7. #127
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    Default Re: Checkerboarding verses Opening the Broodnest

    this is my favorite thread. many thanks again to you walt, mb, and all the others who have been contributing.

    i only a had a few hives that i could try checkerboarding on this year, but so far, no swarms.

    these hives were overwintered in one deep and one medium super. when the time came to checkerboard, several of the medium frames of honey had already been consumed, so i tried alternating the honey frames with the empty comb frames in the one super to approximate checkerboarding.

    when foraging started, i added a second super of drawn comb above the first super. when the population increased and they started filling the second super, i added a third super. all i had at this point was foundation, but i checkerboarded the foundation with the nectar filled comb from the second super, so that the top two supers were now alternating frames of nectar filled comb and foundation.

    one of the hives had been bearding outside for the past couple of days. i inspected it today, and found that they had only modestly began drawing out the foundation frames in the second and third super, but had almost completely back filled the brood comb in the first super. i found several uncapped queen cells with jelly on the middle frames of the first super.

    in the deep, there was not much backfilling, and lots of brood, but only a few eggs. i think i found the queen, but she was shrunk down almost beyond recognition.

    my questions are:

    1. could we already be past reproductive cut off and could these be supercedure cells?

    2. did not having enough drawn comb cause them to run out of room upstairs too quickly and back fill the first super?

    i also opened up the brood nest in the deep a few times by donating capped brood to some smaller hives and put in foundationless frames.

    i decided to pull what i think was the queen and three frames of brood and made a nuc.

    can we please not let this thread expire?
    journaling the growth of a treatment free apiary started in 2010. 20+/- hives

  8. #128
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    Default Re: Checkerboarding verses Opening the Broodnest

    A.Q.
    I worry about an expert that doesn't know that one cell is invariably supersedure.
    That doesn't take away from the possibility that adding a frame of open brood could disrupt the format enough to avert swarming.

    Sq,
    1. We were in Harolds this past Sunday, and I believe them to be past Repro c/o. Two weeks earlier a couple colonies showed a hint of new wax and now all have some token new wax, but not enough to be 'all up' main flow.(Repro c/o wax purging) And none needed another super (Lull.) Those indications would be about three weeks earlier than normal and that's about the average lead time for trees in the area.

    If that is a 2nd year colony, they start supersedure promptly at repro c/o. If that colony had 6 or less Queen cells, regardless of colony age, I would guess SS. !0 or more - swarm.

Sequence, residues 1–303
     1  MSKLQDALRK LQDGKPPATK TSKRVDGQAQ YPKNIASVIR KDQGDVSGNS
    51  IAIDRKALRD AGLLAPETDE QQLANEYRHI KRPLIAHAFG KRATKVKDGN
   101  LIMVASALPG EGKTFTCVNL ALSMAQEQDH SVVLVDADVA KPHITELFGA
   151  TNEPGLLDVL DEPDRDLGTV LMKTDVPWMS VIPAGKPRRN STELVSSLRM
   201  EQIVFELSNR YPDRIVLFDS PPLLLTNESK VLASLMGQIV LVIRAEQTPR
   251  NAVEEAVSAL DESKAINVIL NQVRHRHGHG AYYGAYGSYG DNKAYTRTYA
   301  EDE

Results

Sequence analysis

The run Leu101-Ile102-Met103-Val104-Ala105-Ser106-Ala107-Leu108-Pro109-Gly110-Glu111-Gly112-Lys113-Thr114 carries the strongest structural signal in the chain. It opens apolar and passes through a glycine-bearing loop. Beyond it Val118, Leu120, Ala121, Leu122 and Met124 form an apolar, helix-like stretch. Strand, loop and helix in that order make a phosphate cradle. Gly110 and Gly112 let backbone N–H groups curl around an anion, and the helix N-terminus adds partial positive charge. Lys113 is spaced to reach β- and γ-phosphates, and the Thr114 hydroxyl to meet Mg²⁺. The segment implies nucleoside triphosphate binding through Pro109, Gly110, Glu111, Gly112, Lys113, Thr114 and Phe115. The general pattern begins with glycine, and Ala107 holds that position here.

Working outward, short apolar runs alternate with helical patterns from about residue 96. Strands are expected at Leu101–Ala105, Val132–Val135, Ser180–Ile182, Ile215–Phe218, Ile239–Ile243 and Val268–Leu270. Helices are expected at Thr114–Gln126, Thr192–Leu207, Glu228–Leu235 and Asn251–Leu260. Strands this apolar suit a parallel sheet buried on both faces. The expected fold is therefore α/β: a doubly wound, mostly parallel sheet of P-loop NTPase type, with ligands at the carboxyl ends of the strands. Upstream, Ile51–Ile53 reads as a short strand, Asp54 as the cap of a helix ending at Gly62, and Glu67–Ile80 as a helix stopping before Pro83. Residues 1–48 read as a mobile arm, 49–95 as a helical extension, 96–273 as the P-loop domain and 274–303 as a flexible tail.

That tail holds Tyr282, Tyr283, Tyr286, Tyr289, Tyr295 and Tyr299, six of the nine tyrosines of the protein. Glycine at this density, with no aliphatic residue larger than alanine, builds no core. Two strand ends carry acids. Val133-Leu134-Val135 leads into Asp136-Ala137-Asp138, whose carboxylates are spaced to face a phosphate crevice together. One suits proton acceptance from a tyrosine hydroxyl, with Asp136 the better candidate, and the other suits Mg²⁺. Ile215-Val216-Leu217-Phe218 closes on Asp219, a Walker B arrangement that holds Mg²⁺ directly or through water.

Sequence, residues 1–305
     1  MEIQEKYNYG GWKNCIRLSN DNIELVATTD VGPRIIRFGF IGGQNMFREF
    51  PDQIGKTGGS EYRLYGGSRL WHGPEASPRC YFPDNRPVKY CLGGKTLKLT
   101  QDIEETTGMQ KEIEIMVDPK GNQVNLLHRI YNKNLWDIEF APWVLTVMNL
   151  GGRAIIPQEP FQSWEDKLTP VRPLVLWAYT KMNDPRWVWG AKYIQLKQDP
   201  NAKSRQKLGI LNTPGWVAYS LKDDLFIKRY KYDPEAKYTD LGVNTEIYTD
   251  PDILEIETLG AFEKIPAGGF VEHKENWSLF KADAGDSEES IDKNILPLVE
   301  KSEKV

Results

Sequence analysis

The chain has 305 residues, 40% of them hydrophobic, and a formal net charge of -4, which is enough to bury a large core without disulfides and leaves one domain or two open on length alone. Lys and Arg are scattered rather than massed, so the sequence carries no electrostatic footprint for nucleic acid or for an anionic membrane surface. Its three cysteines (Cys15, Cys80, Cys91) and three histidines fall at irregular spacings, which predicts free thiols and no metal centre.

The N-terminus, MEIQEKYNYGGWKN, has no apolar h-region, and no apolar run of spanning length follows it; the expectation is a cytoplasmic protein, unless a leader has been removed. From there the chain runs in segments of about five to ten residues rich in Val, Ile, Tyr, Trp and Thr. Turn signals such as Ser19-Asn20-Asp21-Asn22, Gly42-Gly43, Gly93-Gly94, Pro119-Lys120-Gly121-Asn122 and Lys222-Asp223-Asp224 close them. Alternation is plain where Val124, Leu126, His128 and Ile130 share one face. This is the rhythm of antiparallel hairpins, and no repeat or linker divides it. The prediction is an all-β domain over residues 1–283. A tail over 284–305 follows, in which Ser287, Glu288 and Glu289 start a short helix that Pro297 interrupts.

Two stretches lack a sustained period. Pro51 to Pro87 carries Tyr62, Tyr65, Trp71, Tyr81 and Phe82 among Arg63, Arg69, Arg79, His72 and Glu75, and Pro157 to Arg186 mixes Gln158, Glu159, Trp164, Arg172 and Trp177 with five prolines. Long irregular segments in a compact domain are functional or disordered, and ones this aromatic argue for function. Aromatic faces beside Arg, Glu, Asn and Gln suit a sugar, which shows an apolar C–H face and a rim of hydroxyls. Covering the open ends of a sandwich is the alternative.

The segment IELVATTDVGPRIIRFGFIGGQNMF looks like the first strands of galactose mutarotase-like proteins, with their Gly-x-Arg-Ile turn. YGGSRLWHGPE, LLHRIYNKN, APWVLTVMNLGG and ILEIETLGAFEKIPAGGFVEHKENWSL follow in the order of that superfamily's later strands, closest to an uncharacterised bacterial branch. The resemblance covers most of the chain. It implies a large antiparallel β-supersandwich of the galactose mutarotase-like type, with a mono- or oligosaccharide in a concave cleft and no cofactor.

Another clue worth noting is the age of queen cells. If they are all about the same stage of developement - that's an indication of supersedure. To see the variation in developement age of swarm cells, you might have to wait a week or more if the first cells have been just started on the leaders. Too late for that now.

    Conflicting data: Bearding this early is a bad sign. Doesn't normally happen to CBed with adequate perceived room to grow.

    2. Possibly. You may remember that I told you that your drawn comb inventory was marginal. Although brood nest reduction starts at repro c/o, it's not as quick as the backfilling of swarm preps. When properly motivated with overhead drawn comb needing filling, the brood nest drifts smaller at a slower pace.


    Other: If you are uncertain about the queen in the nuc, you likely have reason to be. Queens trimmed for flight still look very much like queens. Some workers do appear to have longer abdomens than others.

    Walt

  9. #129
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    Default Re: Checkerboarding verses Opening the Broodnest

    many thanks walt.

    there is a lot of new white wax in this and other colonies. i found only a few queen cells, and they were about the same age.

    i have been having to add supers for the past 2-3 weeks, but i'm not seeing much in bloom at this time.

    i am pushing the foundation as much as i can this year, and robbing brood to build up new colonies. hope to be able to over winter 12 strong colonies with a few nucs on the side, and have enough drawn comb to properly checkerboard next year.

    the queen in question appeared to have a little bit of her mark left from last year, but it could have been pollen. i have another hive that is queenless due to operator error, and i will probably be getting a few new queens soon.

    again, many thanks, best regards, and look me up when you are this neck of the woods next time.
    journaling the growth of a treatment free apiary started in 2010. 20+/- hives

  10. #130
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    Default Re: Checkerboarding verses Opening the Broodnest

    Walt, I don't think Jay Smith was confused about supersedure. I understood that he was pointing out the abundance of swarm cells to support his hypothesis that "over-supply of bee milk" was a probable cause of swarming; In other words when the goal of the parent colony is to produce several well-fed virgins their routine practice is to make 12-24. I haven't seen a better hypothesis for this.
    I echo Square Peg's appreciation of this thread. Beesource is very valuable to me, it gives an opportunity to interact with beekeepers who think outside the box and are generous enough to share their time. Thanks.